Natural gas company agrees to settlement over air quality violations

Nick Rees Dec. 2, 2009, 2:37pm


BOSTON (Legal Newsline) - Allegations that an interstate natural gas pipeline and a metering station in Dracut, Mass., violated state air quality regulations have led to a settlement between the owner and state Attorney General Martha Coakley.

Under terms of the agreement, entered in Suffolk Superior Court, Maritimes & Northeast Pipeline, LLC, will pay a civil penalty to the State of $75,000 for its alleged violations of state air quality regulations.

"We have long championed environmental compliance by companies in the power sector, whether they convey natural gas or other fuels, or generate electrical power," Coakley said.

"This is vital to protect the public health from further air pollution. Although we are fortunate that the public health was not greatly compromised by Maritimes' actions, we will remain vigilant to prevent necessary services from endangering the community."

Maritimes was alleged to have modified its Dracut metering station by adding two pipeline heaters without first obtaining the required Massachusetts Department of Environmental Protection preconstruction permit. The facility was operated for eight years without the required permit.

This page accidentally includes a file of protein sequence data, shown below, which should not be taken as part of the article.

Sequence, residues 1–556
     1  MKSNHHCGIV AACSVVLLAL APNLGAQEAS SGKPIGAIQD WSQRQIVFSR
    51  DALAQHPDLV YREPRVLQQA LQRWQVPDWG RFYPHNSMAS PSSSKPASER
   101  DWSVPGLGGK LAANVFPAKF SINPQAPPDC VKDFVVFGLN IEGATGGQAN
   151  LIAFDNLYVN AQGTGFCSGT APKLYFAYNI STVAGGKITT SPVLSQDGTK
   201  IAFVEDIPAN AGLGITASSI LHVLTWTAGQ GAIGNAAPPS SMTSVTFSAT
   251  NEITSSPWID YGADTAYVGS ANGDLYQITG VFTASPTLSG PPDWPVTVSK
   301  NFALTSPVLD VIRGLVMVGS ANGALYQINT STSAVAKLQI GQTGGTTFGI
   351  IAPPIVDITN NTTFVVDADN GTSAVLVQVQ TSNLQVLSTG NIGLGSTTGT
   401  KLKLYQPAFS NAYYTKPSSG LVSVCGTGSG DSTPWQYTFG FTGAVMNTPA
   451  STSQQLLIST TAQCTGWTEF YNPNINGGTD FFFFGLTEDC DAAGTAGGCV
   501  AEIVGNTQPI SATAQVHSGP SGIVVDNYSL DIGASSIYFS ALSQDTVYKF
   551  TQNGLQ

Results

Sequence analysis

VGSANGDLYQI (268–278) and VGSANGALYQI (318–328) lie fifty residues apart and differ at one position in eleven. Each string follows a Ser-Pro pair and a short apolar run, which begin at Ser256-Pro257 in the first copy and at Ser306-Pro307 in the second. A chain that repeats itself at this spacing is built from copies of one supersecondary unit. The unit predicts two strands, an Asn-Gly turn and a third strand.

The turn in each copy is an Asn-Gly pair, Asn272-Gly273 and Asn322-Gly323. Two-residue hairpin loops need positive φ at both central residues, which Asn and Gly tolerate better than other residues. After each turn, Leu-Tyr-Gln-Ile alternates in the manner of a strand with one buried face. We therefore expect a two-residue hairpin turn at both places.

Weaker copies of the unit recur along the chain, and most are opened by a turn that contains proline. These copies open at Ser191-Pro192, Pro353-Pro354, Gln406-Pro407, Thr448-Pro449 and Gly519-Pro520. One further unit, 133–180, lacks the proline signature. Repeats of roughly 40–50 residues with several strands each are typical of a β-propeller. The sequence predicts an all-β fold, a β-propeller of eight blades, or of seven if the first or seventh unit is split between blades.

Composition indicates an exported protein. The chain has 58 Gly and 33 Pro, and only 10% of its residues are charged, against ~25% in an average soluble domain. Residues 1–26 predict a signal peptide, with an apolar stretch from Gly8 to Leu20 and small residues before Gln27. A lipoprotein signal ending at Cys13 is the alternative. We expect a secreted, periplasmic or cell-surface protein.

The complaint also alleged that operation of the heaters led to uncontrolled emission of oxides of nitrogen to the ambient air as well as created as condition of air pollution. Oxides of nitrogen released into the atmosphere combine with volatile organic compounds in the presence of heat and sunlight to create ground level ozone that can cause human respiratory and cardiac problems or, in sufficient concentrations, death, it is alleged.

Ozone can also lead to toxic effects in plants that reduce crop yields, degrade man-made materials including rubber and fabrics, increase nitrogen loading in bodies of water, affect aquatic plants and animals, and reduce fish and shellfish populations.

The unpermitted heaters were installed in or about 1999, the complaint says, with the alleged violation coming to the attention of MassDEP in Jan. 2008 when a letter and an application to the agency for permission to install another heater at the metering station and to use the two unpermitted existing heaters was submitted to MassDEP by Maritimes.

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